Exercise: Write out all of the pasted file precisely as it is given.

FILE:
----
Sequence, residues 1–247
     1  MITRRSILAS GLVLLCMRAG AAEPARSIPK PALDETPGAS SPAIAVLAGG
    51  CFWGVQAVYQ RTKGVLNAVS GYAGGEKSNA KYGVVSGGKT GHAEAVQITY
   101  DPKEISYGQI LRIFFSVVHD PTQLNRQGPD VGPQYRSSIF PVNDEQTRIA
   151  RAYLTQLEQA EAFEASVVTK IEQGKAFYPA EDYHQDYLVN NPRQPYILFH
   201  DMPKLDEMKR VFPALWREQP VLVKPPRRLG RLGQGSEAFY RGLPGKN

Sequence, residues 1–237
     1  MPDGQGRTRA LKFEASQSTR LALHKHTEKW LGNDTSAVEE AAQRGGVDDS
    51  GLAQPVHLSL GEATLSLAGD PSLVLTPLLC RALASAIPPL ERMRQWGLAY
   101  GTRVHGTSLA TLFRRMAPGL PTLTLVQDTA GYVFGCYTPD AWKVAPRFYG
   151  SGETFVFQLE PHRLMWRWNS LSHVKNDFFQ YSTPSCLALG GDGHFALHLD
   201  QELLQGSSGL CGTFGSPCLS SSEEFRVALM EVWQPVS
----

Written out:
Sequence, residues 1–247
     1  MITRRSILAS GLVLLCMRAG AAEPARSIPK PALDETPGAS SPAIAVLAGG
    51  CFWGVQAVYQ RTKGVLNAVS GYAGGEKSNA KYGVVSGGKT GHAEAVQITY
   101  DPKEISYGQI LRIFFSVVHD PTQLNRQGPD VGPQYRSSIF PVNDEQTRIA
   151  RAYLTQLEQA EAFEASVVTK IEQGKAFYPA EDYHQDYLVN NPRQPYILFH
   201  DMPKLDEMKR VFPALWREQP VLVKPPRRLG RLGQGSEAFY RGLPGKN

Sequence, residues 1–237
     1  MPDGQGRTRA LKFEASQSTR LALHKHTEKW LGNDTSAVEE AAQRGGVDDS
    51  GLAQPVHLSL GEATLSLAGD PSLVLTPLLC RALASAIPPL ERMRQWGLAY
   101  GTRVHGTSLA TLFRRMAPGL PTLTLVQDTA GYVFGCYTPD AWKVAPRFYG
   151  SGETFVFQLE PHRLMWRWNS LSHVKNDFFQ YSTPSCLALG GDGHFALHLD
   201  QELLQGSSGL CGTFGSPCLS SSEEFRVALM EVWQPVS